Notice

As those of you who have been following this blog have probably picked up, it is no longer active. The existing posts will stay up for reference, but I am no longer adding new content. Thanks for a fun two years! ~Tamara

Tuesday, September 22, 2009

Hummus


Hummus is one of those foods you can't escape in the foodie blogosphere. Typing "hummus" into the blog search function of Google yields 373,518 results, which is surprising for a food commonly found in the specialty section of grocery stores. Comparisons: "tzatziki" yields 81,563 results, "edamame" 166,755, and "pancetta" only 179,264 despite Giada De Laurentiis' use of it in half the dishes on her television shows.

So you get the sense it's pretty popular, and it's a good thing it is. Hummus is a wonderfully healthy spread, providing fiber, vitamin C, protein. A couple tablespoons of store-bought hummus amount to only 50 calories, making it perfect for low-cal sandwich spreads and dips. I went through streaks in college when I would eat nothing but hummus on bagels, hummus with All-Bran crackers, and hummus on turkey subs from the student union. Of course, it isn't healthy enough to justify that degree of devotion, but it is a good addition to your everyday diet.

Unfortunately, hummus is pretty expensive. A tiny 7 oz. container of Athenos brand from my grocery store runs $3.50, for only 7 servings. As usual, making my own is a much better option.

Homemade Hummus
-two cans garbanzo beans, drained
-one tablespoon apple cider vinegar
-one teaspoon sesame oil
-garlic powder, cumin, black pepper to taste

I put all of the ingredients into my VitaMix, plus about 2/3 the liquid from one of the cans and process at low-to-medium speeds until the mixture is smooth and spreadable. The recipe fills a 12 oz. tub for only $2, even using brand-name garbanzo beans (I had to, since my back-water Kroger didn't even have dry beans and only carried Bush's).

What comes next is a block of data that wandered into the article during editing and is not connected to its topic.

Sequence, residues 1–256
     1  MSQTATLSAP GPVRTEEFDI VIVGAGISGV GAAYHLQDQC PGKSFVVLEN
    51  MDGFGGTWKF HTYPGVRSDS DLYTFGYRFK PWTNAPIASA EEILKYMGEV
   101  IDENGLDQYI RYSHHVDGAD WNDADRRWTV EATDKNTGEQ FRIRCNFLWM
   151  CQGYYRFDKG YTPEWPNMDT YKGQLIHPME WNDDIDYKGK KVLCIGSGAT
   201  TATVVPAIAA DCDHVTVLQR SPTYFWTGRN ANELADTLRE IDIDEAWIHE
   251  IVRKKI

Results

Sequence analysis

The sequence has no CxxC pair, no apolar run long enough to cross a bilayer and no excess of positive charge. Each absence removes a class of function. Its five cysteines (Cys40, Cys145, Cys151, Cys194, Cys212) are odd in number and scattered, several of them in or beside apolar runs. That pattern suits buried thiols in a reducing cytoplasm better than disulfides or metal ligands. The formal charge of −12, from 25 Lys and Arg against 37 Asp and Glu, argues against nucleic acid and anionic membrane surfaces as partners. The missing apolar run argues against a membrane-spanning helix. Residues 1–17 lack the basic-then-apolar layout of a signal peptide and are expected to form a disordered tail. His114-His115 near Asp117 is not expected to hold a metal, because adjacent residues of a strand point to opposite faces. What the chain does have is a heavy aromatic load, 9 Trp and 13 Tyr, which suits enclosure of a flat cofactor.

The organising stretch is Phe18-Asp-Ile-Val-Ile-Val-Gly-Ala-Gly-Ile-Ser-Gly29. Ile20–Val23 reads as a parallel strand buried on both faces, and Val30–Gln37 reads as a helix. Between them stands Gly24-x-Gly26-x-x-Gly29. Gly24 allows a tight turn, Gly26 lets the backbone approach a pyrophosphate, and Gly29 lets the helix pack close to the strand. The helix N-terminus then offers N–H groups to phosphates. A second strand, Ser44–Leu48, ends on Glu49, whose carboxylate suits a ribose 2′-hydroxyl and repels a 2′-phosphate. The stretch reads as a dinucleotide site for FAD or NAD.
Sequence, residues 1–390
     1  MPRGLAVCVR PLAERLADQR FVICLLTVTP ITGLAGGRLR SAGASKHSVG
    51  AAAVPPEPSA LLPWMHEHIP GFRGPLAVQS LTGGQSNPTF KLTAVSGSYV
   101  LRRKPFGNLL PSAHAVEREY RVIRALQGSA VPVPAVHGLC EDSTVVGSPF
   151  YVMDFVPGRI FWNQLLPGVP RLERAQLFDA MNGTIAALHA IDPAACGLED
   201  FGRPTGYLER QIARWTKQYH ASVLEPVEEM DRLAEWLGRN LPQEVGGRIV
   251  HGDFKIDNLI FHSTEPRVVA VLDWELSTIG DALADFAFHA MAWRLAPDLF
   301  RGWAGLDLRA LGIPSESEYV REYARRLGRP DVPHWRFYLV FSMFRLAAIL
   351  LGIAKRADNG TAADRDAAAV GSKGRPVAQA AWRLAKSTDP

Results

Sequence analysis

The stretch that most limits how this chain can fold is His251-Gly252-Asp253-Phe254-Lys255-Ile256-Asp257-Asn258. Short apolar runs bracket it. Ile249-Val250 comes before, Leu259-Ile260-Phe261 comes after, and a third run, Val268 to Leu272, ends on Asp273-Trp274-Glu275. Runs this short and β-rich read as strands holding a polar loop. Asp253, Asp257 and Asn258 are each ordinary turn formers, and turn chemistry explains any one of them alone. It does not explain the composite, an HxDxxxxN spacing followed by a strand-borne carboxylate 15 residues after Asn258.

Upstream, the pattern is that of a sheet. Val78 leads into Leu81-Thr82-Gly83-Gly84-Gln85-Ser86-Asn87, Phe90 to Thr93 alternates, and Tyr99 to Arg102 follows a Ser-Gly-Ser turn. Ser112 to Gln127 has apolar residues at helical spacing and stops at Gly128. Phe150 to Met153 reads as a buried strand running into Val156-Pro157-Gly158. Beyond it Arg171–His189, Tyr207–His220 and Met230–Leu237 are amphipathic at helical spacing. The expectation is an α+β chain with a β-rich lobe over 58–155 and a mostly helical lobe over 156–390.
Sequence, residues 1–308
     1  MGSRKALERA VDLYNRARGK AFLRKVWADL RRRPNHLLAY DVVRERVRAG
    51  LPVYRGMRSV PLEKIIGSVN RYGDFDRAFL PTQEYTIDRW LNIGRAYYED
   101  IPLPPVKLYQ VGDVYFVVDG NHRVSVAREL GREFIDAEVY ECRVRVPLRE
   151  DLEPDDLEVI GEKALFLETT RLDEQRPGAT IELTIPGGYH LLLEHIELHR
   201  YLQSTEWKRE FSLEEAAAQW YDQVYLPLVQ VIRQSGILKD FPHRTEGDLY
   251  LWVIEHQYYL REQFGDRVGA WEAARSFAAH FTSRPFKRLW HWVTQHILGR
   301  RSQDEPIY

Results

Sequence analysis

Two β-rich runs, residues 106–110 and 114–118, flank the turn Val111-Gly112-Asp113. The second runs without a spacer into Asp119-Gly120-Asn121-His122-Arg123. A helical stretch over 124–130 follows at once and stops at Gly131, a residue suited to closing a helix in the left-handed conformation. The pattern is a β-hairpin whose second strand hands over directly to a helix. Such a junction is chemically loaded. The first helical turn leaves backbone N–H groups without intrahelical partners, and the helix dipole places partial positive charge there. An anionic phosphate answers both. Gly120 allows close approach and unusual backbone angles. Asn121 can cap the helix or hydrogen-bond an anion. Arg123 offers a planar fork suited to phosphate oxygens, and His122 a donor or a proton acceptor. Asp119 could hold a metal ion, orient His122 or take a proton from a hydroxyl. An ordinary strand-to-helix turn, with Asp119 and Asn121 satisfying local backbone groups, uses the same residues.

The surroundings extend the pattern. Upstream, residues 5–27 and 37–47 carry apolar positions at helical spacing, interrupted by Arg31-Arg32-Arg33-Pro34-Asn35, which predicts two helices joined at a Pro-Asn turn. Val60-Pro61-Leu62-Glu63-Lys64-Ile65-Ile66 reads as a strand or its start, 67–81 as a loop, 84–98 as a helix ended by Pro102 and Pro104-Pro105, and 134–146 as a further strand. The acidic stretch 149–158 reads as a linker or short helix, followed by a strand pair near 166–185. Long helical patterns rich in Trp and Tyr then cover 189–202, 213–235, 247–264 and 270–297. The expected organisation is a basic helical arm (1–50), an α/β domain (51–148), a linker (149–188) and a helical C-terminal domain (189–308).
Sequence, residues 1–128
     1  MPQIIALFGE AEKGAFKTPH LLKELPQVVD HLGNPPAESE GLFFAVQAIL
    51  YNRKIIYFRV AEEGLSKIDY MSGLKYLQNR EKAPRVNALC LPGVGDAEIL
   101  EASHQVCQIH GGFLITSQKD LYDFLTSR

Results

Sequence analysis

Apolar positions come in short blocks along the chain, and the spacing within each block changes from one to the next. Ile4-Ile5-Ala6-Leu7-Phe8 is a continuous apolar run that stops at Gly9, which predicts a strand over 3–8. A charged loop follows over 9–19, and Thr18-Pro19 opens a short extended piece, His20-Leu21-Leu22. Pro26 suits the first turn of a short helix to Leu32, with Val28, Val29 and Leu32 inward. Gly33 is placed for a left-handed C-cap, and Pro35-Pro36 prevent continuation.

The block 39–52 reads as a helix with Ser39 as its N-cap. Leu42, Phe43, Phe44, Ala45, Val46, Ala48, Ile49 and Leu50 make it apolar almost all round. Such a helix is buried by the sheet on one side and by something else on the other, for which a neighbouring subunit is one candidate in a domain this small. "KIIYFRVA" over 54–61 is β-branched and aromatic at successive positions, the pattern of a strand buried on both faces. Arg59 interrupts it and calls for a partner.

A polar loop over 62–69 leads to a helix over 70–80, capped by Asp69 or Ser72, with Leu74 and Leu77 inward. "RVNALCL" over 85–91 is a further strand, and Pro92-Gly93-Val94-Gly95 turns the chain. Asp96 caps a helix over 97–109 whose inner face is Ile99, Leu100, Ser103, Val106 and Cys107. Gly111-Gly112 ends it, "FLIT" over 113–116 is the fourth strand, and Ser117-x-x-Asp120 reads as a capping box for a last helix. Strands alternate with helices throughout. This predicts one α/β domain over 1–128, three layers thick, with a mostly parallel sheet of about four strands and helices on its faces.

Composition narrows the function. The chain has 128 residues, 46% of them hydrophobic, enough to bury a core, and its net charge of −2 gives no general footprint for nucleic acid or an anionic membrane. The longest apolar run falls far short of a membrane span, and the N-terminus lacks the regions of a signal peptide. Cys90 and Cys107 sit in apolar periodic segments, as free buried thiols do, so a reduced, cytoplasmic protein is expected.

If the vinegar is too strong for your tastes, use the more traditional lemon juice. The sesame oil can also be replaced by tahini. Other recipes call for olive oil, which results in a creamier texture and longer preservation. If you want, use about a 1/4 cup oil per cup of garbonzo beans, but I use the can liquid instead to keep the fat to a minimum. That way I can eat more of it :D

1 comment:

  1. Hi Tamara,
    Thank you for following my blog; I appreciate your kindness. I also appreicate the link-back to the blog, too.

    I have added 'spatula, batter, powder,dough and loaf' to the list of baking words with today's post. I appreciate your contribution.

    Your hummus sounds wonderful and I'm looking forward to trying your version.

    Have a wonderful day!
    Again, thank you.

    All the best,
    Anthony
    http://fromadietitiansperspective.blogspot.com

    ReplyDelete

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